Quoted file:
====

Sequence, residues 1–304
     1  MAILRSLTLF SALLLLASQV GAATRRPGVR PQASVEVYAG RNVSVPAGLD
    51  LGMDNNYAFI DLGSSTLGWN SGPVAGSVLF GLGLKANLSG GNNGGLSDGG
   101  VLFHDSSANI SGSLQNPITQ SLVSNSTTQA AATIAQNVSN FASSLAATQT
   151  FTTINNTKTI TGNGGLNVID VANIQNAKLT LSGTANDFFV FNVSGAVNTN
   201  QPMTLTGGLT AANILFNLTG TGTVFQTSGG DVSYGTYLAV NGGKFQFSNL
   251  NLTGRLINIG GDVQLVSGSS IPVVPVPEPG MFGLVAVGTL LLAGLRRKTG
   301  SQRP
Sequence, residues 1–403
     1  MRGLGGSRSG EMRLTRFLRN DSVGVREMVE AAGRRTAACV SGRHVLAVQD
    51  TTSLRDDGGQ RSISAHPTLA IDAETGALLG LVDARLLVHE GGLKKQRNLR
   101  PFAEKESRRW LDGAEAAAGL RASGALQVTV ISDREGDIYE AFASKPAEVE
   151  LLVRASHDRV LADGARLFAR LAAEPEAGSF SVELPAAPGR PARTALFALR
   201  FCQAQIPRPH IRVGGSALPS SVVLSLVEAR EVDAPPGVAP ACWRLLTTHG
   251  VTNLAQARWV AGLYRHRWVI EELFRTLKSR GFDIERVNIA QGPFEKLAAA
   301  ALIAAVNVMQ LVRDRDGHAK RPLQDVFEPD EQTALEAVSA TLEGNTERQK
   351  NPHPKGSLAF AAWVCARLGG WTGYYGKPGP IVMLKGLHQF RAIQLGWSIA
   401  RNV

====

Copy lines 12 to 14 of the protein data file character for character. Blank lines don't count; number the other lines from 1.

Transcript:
   101  PFAEKESRRW LDGAEAAAGL RASGALQVTV ISDREGDIYE AFASKPAEVE
   151  LLVRASHDRV LADGARLFAR LAAEPEAGSF SVELPAAPGR PARTALFALR
   201  FCQAQIPRPH IRVGGSALPS SVVLSLVEAR EVDAPPGVAP ACWRLLTTHG